A new rating scale for Alzheimer's disease Am J Psychiatry 141: 1356-1364

American Journal of Psychiatry (Impact Factor: 12.3). 12/1984; 141(11):1356-64. DOI: 10.1176/ajp.141.11.1356
Source: PubMed


A new rating instrument, the Alzheimer's Disease Assessment Scale, was designed specifically to evaluate the severity of cognitive and noncognitive behavioral dysfunctions characteristic of persons with Alzheimer's disease. Item descriptions, administration procedures, and scoring are outlined. Twenty-seven subjects with Alzheimer's disease and 28 normal elderly subjects were rated on 40 items. Twenty-one items with significant intraclass correlation coefficients for interrater reliability (range, .650-.989) and significant Spearman rank-order correlation coefficients for test-retest reliability (range, .514-1) constitute the final scale. Subjects with Alzheimer's disease had significantly more cognitive and noncognitive dysfunction than the normal elderly subjects.

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Available from: Richard C Mohs, Aug 20, 2014
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    • "Efficacy measures were collected at baseline assessment and after 1, 3, 6, 12, 18, 24, and 36 months. The following variables were collected by blinded raters (psychologists): – Cognitive subscale of the Alzheimer's Disease Assessment Scale (ADAS-cog) [18]. This was the primary efficacy measure. "
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    ABSTRACT: Background: Little is known about the long-term acceptance and effects of cognitive and motor stimulation interventions (CMSI) in Alzheimer's disease (AD). Objective: To evaluate a replicable CMSI program for mild cognitive impairment (MCI) and mild-to-moderate AD persons. Methods: Eighty-four non-institutionalized subjects with AD were randomized to receive either CMSI, administered by a single care provider, or standard support. Cognition, activities of daily living (ADL), mood, and study partner's subjective burden were assessed by blinded raters. Data on institutionalization, psychiatric medications, and demise were collected by the study physicians. Random effects model and survival analyses were conducted, after 2 and 3 years of study. Results: Three-year assessments could be performed by the physician in 85% and by the blinded rater in 66% of subjects. Significant benefits were observed in basic ADL at the 2- and 3-year assessments, whereas instrumental ADL showed benefits only up to the second year of intervention (p < 0.05). Conclusion: Long-term cognitive-motor stimulation is well accepted and produces functional benefits in subjects with AD, with no extra subjective burden in the partner.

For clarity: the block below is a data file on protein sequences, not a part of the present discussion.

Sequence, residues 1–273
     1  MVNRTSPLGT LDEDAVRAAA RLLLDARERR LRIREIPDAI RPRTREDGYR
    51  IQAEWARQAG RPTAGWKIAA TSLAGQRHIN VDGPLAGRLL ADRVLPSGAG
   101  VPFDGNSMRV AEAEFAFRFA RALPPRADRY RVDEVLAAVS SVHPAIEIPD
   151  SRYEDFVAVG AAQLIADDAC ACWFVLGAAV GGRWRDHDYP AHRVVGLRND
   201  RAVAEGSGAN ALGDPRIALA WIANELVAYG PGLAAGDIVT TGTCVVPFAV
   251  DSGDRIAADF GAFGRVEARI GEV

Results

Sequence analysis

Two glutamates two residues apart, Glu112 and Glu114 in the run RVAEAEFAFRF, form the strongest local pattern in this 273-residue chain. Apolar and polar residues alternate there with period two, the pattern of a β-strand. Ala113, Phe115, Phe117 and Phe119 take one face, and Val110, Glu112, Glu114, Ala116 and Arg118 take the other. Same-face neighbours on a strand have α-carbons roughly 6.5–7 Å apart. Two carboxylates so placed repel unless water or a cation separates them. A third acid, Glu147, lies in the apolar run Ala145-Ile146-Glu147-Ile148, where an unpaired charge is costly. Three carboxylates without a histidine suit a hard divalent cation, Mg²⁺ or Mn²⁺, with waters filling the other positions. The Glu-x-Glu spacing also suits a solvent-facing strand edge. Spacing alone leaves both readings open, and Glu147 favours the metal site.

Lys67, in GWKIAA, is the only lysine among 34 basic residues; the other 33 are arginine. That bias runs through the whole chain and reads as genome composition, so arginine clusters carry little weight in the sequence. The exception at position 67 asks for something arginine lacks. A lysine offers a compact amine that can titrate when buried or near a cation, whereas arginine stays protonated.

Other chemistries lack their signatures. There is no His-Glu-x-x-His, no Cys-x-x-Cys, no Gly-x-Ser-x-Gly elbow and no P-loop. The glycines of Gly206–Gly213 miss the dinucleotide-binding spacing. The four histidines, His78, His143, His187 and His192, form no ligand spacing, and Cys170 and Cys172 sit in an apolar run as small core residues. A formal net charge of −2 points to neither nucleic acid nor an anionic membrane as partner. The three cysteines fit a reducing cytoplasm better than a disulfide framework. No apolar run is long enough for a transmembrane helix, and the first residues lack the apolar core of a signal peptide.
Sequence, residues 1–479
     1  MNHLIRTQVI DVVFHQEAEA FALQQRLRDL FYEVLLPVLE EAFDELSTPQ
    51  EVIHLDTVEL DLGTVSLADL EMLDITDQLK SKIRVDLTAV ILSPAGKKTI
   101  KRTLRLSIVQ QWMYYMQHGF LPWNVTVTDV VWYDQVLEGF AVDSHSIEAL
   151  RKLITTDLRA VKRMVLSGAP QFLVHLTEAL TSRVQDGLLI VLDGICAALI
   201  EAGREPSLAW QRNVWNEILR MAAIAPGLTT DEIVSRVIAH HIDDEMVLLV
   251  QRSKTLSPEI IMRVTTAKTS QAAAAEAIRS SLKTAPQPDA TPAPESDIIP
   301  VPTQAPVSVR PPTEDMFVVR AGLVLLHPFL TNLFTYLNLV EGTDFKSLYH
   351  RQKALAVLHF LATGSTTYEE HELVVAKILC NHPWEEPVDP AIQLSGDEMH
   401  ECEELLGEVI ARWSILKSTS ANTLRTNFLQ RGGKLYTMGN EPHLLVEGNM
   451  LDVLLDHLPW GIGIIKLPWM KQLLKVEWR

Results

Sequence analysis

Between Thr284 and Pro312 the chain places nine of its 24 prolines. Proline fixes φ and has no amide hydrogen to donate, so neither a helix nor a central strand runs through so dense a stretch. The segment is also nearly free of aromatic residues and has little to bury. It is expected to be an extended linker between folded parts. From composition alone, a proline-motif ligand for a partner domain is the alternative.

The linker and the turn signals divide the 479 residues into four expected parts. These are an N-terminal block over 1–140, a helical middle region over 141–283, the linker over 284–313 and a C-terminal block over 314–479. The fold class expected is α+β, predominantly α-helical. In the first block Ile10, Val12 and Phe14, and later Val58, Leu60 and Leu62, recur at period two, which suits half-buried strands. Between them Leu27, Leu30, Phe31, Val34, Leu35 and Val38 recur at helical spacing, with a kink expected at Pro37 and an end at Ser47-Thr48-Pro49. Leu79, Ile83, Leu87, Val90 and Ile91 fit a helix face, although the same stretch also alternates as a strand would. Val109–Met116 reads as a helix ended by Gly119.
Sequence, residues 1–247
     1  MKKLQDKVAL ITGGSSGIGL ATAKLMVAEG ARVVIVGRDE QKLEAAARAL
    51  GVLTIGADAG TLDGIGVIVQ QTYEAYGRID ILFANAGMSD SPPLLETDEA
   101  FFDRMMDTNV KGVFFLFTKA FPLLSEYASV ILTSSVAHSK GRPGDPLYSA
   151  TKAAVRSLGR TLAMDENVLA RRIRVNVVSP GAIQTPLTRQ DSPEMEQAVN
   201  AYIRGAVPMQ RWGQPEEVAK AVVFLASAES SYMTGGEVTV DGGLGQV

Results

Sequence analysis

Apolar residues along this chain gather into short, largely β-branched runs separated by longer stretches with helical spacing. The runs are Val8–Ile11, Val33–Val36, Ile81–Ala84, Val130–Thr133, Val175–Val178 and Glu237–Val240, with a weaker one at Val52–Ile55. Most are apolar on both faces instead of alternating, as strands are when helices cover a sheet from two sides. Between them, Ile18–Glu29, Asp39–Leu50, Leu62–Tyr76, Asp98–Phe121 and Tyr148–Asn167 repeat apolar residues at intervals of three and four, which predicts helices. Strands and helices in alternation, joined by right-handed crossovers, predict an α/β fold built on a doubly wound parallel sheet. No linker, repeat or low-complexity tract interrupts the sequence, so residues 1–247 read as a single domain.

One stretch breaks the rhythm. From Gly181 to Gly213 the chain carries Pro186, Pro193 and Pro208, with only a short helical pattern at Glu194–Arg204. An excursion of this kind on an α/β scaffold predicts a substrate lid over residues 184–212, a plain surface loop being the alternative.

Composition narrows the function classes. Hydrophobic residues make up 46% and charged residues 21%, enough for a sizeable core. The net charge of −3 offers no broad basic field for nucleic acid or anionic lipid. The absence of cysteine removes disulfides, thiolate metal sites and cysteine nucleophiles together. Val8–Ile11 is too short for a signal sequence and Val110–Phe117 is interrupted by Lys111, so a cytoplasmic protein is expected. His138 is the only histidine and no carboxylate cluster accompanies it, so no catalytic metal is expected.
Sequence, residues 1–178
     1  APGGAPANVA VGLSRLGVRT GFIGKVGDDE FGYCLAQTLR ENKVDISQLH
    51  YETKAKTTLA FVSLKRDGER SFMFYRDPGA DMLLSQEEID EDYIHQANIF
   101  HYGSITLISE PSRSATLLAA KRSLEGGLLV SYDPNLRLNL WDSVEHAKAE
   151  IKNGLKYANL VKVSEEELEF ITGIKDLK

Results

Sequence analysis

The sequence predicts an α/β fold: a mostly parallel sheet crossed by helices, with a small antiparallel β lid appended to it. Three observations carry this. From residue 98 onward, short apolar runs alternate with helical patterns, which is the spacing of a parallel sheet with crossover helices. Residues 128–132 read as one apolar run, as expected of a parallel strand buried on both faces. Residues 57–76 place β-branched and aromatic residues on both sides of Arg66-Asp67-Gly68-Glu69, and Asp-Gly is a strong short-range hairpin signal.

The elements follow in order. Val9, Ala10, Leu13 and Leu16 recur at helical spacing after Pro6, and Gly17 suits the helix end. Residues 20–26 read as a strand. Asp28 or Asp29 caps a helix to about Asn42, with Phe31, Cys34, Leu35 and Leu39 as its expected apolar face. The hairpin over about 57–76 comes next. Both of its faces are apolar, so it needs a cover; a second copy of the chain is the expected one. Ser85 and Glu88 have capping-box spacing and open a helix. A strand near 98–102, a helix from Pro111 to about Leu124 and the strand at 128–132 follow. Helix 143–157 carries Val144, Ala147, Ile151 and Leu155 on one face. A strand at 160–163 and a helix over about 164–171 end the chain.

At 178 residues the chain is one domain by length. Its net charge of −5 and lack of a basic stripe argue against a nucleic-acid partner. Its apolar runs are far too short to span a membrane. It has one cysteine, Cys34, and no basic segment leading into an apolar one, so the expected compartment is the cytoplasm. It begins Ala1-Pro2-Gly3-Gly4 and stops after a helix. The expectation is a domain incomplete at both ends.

Journal of Alzheimer's disease: JAD 12/2014; 45(1). DOI:10.3233/JAD-142364 · 4.15 Impact Factor
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    • "As outcome measures we used 6 endophenotype markers of AD. Two markers were tests of cognition: MMSE and Alzheimer's Disease Assessment Scale Cognition (ADAS) for ADNI and DCN or MMSE and CAMCOG for ADC (Derix et al., 1991; Folstein et al., 1975; Rosen et al., 1984). Three markers were CSF biomarkers of AD: abeta, tau, and ptau. "